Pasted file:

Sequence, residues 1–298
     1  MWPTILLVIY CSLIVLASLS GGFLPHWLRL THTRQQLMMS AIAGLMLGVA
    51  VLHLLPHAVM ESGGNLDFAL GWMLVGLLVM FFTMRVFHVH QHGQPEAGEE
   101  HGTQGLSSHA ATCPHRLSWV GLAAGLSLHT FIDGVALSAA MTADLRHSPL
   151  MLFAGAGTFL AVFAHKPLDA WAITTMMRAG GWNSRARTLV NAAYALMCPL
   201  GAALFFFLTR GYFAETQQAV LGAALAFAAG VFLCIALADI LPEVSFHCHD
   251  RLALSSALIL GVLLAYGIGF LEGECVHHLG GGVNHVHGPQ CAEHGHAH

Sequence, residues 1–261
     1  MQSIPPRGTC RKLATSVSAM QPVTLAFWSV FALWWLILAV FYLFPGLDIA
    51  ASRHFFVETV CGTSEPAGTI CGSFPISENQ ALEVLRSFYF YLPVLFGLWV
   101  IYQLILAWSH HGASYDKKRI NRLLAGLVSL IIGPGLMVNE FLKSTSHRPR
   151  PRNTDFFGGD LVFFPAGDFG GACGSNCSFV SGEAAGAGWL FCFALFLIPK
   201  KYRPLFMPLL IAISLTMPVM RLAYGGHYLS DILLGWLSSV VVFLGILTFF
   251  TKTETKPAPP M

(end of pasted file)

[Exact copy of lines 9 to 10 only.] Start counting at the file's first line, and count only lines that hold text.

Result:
     1  MQSIPPRGTC RKLATSVSAM QPVTLAFWSV FALWWLILAV FYLFPGLDIA
    51  ASRHFFVETV CGTSEPAGTI CGSFPISENQ ALEVLRSFYF YLPVLFGLWV